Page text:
Series: Participation in the intranet, part 2
There are at least three good reasons why many companies can benefit from increased employee participation in the intranet: used properly, it leads to an increase of productivity, agility and controllability.
After consulting firm McKinsey had analyzed several thousand enterprises worldwide for five years, they published a study in 2012 drawing the conclusion that knowledge workers could increase their productivity by 20 – 25 percent, if they made proper use of social software. They found that two thirds of the potential added value of social technologies resulted from improved internal communication and collaboration, leading to employee skills better finding their way to the departments where they are needed most (‘matching talent to tasks’).
It is important to note that successful participation in the intranet doesn’t only depend on technology but on quality and quantity of social interactions. While IT is necessary to facilitate the required speed and coverage of interactions, the exchange will only take place if supported by a culture of cooperation and the willingness to participate. According to McKinsey, this willingness to participate is decisively encouraged when executives act as role models and the use of software becomes a regular part of the work process.
Participation has, however, not only the potential to increase productivity, but it can make companies much more flexible. Change management expert John P. Kotter thinks it is critical because in times of constant change hierarchically dominated management methods aren’t fast and agile enough. Hierarchical processes work well for the recurring demands of daily control of a company, but when it comes to being continually on the lookout for new solutions, they are too clumsy.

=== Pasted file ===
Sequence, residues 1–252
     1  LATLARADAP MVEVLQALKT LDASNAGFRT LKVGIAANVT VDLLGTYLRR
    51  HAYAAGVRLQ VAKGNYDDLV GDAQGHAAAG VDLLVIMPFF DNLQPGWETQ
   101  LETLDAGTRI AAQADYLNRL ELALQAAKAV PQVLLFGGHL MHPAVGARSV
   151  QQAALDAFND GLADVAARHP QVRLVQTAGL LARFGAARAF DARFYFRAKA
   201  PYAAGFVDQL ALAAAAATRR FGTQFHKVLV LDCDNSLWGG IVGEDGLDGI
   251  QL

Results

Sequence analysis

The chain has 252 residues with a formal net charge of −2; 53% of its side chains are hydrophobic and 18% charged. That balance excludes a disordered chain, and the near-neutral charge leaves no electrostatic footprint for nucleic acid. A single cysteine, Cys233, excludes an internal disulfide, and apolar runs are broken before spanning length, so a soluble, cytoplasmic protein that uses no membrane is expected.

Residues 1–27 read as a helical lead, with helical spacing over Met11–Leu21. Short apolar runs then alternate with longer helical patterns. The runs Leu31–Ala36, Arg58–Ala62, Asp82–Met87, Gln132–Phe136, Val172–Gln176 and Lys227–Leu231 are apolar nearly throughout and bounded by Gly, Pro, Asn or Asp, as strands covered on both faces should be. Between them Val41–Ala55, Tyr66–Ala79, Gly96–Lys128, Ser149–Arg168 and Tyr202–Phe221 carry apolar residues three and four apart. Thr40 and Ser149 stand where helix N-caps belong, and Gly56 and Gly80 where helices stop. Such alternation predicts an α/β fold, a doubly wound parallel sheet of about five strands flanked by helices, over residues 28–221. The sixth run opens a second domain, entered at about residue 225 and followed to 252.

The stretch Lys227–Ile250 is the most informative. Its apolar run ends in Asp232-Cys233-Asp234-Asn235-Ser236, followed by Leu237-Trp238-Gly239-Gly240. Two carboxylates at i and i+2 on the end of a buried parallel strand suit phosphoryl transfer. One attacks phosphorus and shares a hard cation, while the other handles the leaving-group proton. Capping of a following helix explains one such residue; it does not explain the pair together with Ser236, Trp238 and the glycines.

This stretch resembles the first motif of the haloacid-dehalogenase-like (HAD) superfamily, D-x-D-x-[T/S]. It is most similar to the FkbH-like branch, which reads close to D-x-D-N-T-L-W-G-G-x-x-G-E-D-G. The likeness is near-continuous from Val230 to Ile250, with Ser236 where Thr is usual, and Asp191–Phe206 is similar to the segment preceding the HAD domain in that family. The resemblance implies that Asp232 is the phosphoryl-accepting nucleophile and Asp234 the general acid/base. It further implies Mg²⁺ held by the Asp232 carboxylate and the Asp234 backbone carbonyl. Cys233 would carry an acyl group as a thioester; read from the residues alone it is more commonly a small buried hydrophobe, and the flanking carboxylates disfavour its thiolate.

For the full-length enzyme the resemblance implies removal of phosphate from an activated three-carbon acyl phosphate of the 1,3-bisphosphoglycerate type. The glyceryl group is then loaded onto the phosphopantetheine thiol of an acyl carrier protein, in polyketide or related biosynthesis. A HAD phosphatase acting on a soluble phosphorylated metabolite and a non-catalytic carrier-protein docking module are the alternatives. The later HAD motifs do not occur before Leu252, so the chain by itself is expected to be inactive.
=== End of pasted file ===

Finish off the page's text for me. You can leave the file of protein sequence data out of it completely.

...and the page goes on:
As a result, Kotter proposed to introduce, parallel to the traditional hierarchy, a second ‘operating system’ for companies that works like a network. While hierarchies proceed according to established rules and processes that have been optimized for the most efficient handling of known tasks, network resources can be re-assembled again and again responding to changing requirements. In a hierarchical organization, the management focuses on administration and control of the system. The management of a network, however, motivates to find new ways and is more fault-tolerant. In a hierarchy, communication is mainly top-down, in directives which are sent via the cascades of the organizational chart. The communication in networks on the other hand runs in dialogues that, according to requirements, may run criss-cross through the organizaton. What matters here, is how valuable the contribution is for the new requirement, not where it comes from.
Hierarchy and network as dual operating system
Kotter’s point is not to replace hierarchies by networks, he rather wants to create a ‘dual operating system’ in which both organization models complement each other. Reliable day-to-day business and ongoing innovation should be able to coexist. The participation of employees plays a crucial role for the success of the network. To allow for rapid change, Kotter recommends to involve as many employees as possible on a voluntary basis. Volunteers set to work with a ‘I want’ instead of ‘I must’ attitude and contribute to cost-containment to boot. In return, they want to be involved in change, not only be affected by it. To this end, it is necessary to exert a leadership style that works with motivation and appreciation instead of delegation and budget control. According to Kotter, leaders on all levels must be involved to establish the network as legitimate part of the organization.